The Encounter with the Beloved
Saverio Cannistra*

Celebrating the Feast of St John of the Cross on 14 December

During a fraternal visit to Japan last month, I had the joy of meeting a 98 year-old missionary confrere. He was rereading St John of the Cross and he related to me with extraordinary clarity how the saint's mystical experience can be understood only by beginning with the connection between the life of the Trinity and the creation of man and of the world. The life of the Trinity expands, overflows and is reflected in the relationship that the Son has with humanity. It is this that John relates poetically in the Trinitarian Romance: humanity is the spouse that the Father gives to the Son and the world is created as the dowry of the spouse. Behind this poetic image and this spousal language lies a profound truth that the mystic had grasped long before, and much better than the theologian: the world is for human beings and they are for God. Everything exists in a logic of unity, in a plan of communion.

In the beginning is Love, the "ineffable bond" that unites the Father and the Son, which "the more it is one, the more it generates love". John had received as a gift the experience of this supreme truth, of this mystery of being, and once tasted, his journey of research began. The truth of God is like that: you can only search for it after you have found it, or better, after having being found by it. The soul, then, goes out into the night "inflamed with love's urgent longings", wounded by the desire for the love that it has known. Fray John has in himself the restlessness of an explorer, of a voyager, a bit like the great navigators of his time, except that his navigation is not directed towards what is more distant, but towards what is near, so near that is escapes us, because it is not outside of us, but within, and at the same time embraces us, to the extent that we exist in Him.

John of the Cross invites us to discover that when a human being says "I", he or she is in reality speaking in the abstract, because that I exists only as a "you" who is summoned by Another. The more we succeed in standing in the presence of this Other who calls us, so much the more does our I acquire meaning and light, colour and life. As he writes in the verses of the Living Flame of Love: it is in the splendour of the presence of the Beloved that the caverns of human feeling, which were dark and blind, are filled with light and warmth. The human being, detached from the bosom of the Trinity, lives a tragic life, fragmented, cast in the midst of things that do not speak to and do not respond to the desire to love, to the nostalgia for unity. Because of this, the only way of salvation is, so to speak, "to detach oneself from this detachment", so as to reunite with that original communion.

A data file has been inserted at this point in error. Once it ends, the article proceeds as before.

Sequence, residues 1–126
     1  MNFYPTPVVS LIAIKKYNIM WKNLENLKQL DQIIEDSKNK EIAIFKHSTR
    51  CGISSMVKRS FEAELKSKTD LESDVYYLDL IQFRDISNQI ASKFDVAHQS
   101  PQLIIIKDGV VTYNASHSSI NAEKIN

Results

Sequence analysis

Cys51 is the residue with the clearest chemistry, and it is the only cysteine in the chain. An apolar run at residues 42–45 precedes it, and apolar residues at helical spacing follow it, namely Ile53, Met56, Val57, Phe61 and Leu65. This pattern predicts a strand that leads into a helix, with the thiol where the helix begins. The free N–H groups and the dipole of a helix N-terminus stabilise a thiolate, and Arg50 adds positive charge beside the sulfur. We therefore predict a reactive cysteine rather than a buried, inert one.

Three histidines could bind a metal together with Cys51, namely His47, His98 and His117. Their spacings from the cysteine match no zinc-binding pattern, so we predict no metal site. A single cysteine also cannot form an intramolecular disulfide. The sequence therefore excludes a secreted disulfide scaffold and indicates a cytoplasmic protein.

But what is the way that leads to this unifying and transforming simplicity? John writes: "the gate entering into these riches of his wisdom is the cross, which is narrow, and few desire to enter by it, but many desire the delights obtained from entering there" (CB 36, 13). The Way of the Cross, in the mystical and poetic transfiguration of John, becomes a journey that is an amorous flight, a liberation/escape to the Beloved. The encounter with the Beloved is not possible without escaping from the house in which we have lived, without going out beyond the confines of our ordinary and daily manner of living. This change, brought about by theological faith and love, John describes using the symbol of the night. The encounter with the Beloved, the embrace, takes place in the night, not in the day. The night is the place where autonomy, that capacity for self-determination, is lost. We abandon ourselves in trust to the darkness, and miraculously the darkness is transformed in to light, because in the darkness desire bursts into flame, the flame of a love set alight by him who "was awaiting me in a place unknown to anybody else". The night separates us from everything and everybody, but also draws us into a relationship with him alone, who in himself enfolds everything and everybody. The night is illuminated and warmed by the fire of the desire of the Beloved. For this reason, man cannot get lost in it, provided this fire will burn in his heart. It will infallibly lead him into the arms of the One who is awaiting him much more than any human being ever sought.

To be a human being is an immense grace because this in Christ is the condition of God himself. But this way of existing is not given to us naturally. We must become like this, we must make ourselves like this, and the only way to make ourselves human is the way that God himself has shown us in Jesus Christ: through faith and obedience. This is the "word of light and love" that John has left to us, an invitation to go out, to go beyond our limits, allowing ourselves to be guided by a love that has the power to attract us to itself, if we do not resist it, and abandon ourselves to it with complete trust and total obedience. Then we shall arrive at the fullness and freedom of the children of God.

*Superior General of the Order of Discalced Carmelites


Taken from:
L'Osservatore Romano
Weekly Edition in English
12 December 2012, page 12

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